Such visions are, in general, technology driven and have been made possible by the spread of digital technologies and miniaturisation, as well as by the development of telecommunications, the internet and on-line services.
In creating the connected future, there will be no point in thinking up alternative shapes, colours and finishes for a TV screen. We will simply no longer have a TV screen, we will use windows as displays. There will be no point in studying the best way to illustrate the product’s functions on a remote control, everything will be voice or gesture activated.
Objects will be enriched with an intelligence that will allow them to learn, react, respond and anticipate on human stimuli. It will be appropriate to talk about ‘relationships’ between people and objects, since those objects will be almost like subjects.
It is the task of design – the linking element between technology and people – to shape those new relationships and to foster positive interaction.
Understanding the opportunities offered by materials will be a key element. Such opportunities will not be limited to aesthetic improvements or to the creation of sensorial experiences.
‘Smart’ or responsive materials respond to environmental stimuli with particular changes – either in their properties (mechanical, electrical, appearance), in their structure or composition or in their function. There are, for example, colour changing or light emitting materials, moving materials, self-assembling materials, thickness-changing fluids etc.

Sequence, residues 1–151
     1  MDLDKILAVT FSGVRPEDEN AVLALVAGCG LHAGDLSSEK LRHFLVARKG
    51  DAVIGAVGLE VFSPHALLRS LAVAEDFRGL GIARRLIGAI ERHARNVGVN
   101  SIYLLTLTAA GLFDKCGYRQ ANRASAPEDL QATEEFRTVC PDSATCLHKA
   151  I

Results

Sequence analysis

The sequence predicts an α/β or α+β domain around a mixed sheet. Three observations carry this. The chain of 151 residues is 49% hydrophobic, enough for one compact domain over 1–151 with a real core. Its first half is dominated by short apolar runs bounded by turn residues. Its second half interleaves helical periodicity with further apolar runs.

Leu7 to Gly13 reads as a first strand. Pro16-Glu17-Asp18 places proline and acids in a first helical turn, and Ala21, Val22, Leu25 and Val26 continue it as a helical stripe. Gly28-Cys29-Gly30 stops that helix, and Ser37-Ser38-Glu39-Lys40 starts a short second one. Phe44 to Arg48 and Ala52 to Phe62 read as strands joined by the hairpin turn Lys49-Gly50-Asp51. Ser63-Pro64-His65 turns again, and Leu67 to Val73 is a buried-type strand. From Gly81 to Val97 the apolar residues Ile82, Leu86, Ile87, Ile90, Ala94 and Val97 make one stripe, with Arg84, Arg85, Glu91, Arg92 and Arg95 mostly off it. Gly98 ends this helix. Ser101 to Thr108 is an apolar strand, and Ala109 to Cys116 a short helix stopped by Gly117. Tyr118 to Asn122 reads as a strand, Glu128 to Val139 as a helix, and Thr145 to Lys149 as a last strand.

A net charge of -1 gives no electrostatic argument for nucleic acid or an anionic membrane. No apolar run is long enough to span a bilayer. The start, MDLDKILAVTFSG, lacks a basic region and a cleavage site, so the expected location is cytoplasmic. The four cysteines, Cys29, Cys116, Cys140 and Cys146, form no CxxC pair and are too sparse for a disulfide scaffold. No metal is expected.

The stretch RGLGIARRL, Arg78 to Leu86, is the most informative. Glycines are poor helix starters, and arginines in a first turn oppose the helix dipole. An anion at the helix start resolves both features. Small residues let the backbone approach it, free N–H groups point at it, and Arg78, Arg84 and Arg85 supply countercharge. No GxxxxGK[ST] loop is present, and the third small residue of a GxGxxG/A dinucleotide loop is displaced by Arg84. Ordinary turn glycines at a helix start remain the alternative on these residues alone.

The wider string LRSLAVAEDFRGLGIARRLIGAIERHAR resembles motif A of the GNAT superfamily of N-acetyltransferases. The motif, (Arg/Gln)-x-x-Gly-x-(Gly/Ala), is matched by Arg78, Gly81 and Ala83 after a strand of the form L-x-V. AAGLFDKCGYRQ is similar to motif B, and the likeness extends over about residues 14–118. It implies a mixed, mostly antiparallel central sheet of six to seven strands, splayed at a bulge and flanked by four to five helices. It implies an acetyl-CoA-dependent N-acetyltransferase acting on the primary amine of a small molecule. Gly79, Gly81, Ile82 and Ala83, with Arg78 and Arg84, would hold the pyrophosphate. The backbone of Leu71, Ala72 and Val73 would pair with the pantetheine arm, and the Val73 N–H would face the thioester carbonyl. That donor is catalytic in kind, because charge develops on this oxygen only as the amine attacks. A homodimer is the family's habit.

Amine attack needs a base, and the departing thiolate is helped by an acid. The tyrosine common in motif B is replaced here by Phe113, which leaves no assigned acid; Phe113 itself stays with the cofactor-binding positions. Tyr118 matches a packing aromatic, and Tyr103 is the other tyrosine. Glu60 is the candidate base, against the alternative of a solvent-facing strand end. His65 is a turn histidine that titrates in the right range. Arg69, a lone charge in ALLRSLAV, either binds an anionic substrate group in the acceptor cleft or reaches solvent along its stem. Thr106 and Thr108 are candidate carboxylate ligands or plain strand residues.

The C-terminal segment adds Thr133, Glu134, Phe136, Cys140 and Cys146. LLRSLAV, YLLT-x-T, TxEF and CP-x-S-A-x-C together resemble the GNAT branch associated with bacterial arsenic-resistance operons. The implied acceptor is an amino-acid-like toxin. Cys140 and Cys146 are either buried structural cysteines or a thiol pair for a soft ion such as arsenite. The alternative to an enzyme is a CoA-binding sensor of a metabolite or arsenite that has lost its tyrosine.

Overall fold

There are also conductive materials that can be woven into textiles, thus creating cloth that can transport electricity and data, and also display them.
Italy’s Grado Zero Espace, a research spin-off from Corpo Nove, a fashion label from Karada, has recently hit the headlines by enabling the McLaren mechanics at the British Grand Prix to work in extreme temperature conditions in total comfort, by providing them with smart suits with an internal (invisible and unobtrusive) cooling system.
Grado Zero Espace is not new to such experiments. In 2001 they received the Best Innovation award from TIME magazine for creating (in collaboration with the European Space Agency) what can be easily described as the traveller’s dream: a shirt that shortens its sleeves when the room temperature increases and grows them back when the temperature drops a few degrees.
The shirt can be screwed up into a ball, pleated and creased; then just by applying hot air (or a hairdryer) it will pop back to its former shape automatically: without ironing and without hassle.
The Belgian company Verhaert Design developed a sensorial pyjama in collaboration with the University of Brussels. The pyjama textiles are able to monitor the heart and the breathing of a baby sleeping in a cot, helping in the prevention of Sudden Infant Death Syndrome.
In 1999, Philips Design developed textiles that vibrate when electrically stimulated. The textiles were applied to a kimono, that gently massages the wearer in different ways and degrees of strength for utmost well-being.
But textiles are everywhere, not only in our clothes. What can happen when we think of applying smart textiles to our carpets? To our car seats? To our furniture?
The fact that designers were involved in all the projects mentioned gives a totally different focus to this otherwise purely technological achievement.
Smart textiles and materials are not only the domain of chemical engineers. It is of utmost importance that designers are involved in such research so that they can think up human focused applications.
This is, in fact, the new attractive quality that design can provide industry with. Design for smart environments goes beyond ‘form’, ‘function’ and even the ‘sensorial experience’.
Design for the smart environment will focus on the way in which people will interact with ‘active’ objects that will fit on their skin or that will surround them in their homes, cars, offices; and on the way in which those ‘active’ objects will interact with people.
Design will have to ensure that the new solutions fit people like a glove, are as easy to interact with as possible and are ‘smart’ enough to react according to the user’s needs throughout time.